Petroleum - its origin

Petroleum is formed as a result of biochemical and thermal alteration of organic matter from the debris of plants and animals.

Accumulation of sufficient amounts of organic matter is the first stage in the formation of the future petroleum reservoirs. This happens if accumulation of sediments prevails over erosional processes in the conditions of uninterrupted ample supply of organic debris. These conditions are most often satisfied in marine and lacustrine environments.  

Water reservoirs with a high level of primary production, eutrophication of bottom sediments and a low hydrodynamic environment and/or stratification of the water accumulate the thickest beds of organic matter.

An increase in primary production due to a high supply of nutrients to the photic zone is followed by massive blooms of the phytoplankton, mostly sea algae, which is the main source of marine labile (unstable) organic matter.

As a result of higher phytodetritus supply to the reservoir bottom, oxygen is depleted in upper portions of the sediments and in the bottom water, as the oxygen is consumed in the processes of  aerobic decomposition of the organic matter. Moreover, the ongoing deposition of mineral particles, especially clay and silt grains, isolates the already deposited organic matter-enriched layer with its biomass of feeding bacteria from the external environment, in particular from any better oxygenated bottom water.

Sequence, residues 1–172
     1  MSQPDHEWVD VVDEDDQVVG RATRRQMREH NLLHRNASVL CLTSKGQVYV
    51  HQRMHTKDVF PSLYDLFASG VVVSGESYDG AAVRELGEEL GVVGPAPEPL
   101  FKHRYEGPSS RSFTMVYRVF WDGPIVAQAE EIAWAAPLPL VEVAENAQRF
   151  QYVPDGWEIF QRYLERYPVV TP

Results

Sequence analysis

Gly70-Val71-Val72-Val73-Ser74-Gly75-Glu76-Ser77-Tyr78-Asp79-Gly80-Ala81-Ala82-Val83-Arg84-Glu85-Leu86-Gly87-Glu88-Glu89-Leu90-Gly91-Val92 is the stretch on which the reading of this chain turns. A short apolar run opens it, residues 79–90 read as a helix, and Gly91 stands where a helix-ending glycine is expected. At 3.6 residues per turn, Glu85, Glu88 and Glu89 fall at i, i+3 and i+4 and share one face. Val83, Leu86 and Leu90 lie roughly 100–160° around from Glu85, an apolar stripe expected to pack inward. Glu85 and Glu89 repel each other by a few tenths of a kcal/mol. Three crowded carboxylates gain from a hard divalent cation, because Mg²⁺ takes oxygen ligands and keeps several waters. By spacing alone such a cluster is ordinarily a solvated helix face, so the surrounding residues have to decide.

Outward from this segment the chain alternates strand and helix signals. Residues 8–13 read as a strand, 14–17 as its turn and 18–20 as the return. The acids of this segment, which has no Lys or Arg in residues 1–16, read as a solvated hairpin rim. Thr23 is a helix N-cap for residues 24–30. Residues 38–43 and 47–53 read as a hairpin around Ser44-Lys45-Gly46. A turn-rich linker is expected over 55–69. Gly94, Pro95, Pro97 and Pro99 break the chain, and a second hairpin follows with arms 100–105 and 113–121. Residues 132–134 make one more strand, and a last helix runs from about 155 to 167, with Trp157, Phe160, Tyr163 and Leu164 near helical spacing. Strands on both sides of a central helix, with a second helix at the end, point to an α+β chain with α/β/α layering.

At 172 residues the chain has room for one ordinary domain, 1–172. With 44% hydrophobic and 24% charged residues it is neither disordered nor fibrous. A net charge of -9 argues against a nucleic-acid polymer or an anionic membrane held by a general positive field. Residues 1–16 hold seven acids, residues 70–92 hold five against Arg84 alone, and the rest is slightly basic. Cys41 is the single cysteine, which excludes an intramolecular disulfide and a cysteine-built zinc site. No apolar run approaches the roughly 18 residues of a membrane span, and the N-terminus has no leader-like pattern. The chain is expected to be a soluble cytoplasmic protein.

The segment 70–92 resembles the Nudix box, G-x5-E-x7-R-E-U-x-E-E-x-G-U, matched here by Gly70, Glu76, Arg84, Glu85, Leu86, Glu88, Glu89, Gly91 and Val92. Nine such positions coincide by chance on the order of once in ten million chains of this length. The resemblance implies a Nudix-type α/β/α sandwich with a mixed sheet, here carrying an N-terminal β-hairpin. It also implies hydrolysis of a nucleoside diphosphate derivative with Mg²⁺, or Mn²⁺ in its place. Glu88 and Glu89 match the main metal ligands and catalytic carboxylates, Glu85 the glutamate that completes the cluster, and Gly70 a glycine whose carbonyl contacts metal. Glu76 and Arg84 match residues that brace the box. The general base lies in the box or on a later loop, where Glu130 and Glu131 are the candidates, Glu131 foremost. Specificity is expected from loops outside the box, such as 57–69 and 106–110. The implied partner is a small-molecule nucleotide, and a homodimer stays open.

In the conditions of emerging anoxic conditions, the bulk of the organic matter is decomposed by anaerobic bacteria. Due to bacterial activity and increasing redox fronts, hydrogen sulfide appears in upper layers of the sediments. This represents an additional factor that limits the activity of burrowing animals and, consequently, oxygen penetration into the sediment as a result of  bioturbation. Combined with ongoing sedimentation of clay minerals, this effectively isolates the organic layer from oxygenated zone and remineralization is confined to anaerobic processes.

The processes of aerobic and anaerobic organic matter decomposition mark the beginning of the second stage of crude oil formation, namely that of diagenesis.

Further reading:

  1. Zawisza, L., 2009. Geologia Naftowa. Kraków, January 2009. Last accessed: March 2014. Available at:
  2. Tissot, B.,P., Welte, D., H., 1984. Petroleum Formation and Occurrence. Second Revised and Enlarged Edition. Springer- Verlag Berlin Heidelberg 1978 and 1984. DOI: 10.1007/978-3-642-87813-8

 author: Katarzyna Dybkowska



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